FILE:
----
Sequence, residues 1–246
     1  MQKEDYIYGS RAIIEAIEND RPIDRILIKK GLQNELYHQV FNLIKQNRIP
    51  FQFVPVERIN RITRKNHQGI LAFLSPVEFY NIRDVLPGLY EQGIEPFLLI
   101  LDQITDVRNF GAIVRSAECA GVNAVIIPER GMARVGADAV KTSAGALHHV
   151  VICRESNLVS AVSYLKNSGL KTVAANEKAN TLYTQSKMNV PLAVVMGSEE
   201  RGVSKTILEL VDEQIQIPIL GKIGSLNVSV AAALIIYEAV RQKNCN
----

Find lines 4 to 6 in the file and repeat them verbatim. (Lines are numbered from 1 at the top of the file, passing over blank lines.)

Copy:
   101  LDQITDVRNF GAIVRSAECA GVNAVIIPER GMARVGADAV KTSAGALHHV
   151  VICRESNLVS AVSYLKNSGL KTVAANEKAN TLYTQSKMNV PLAVVMGSEE
   201  RGVSKTILEL VDEQIQIPIL GKIGSLNVSV AAALIIYEAV RQKNCN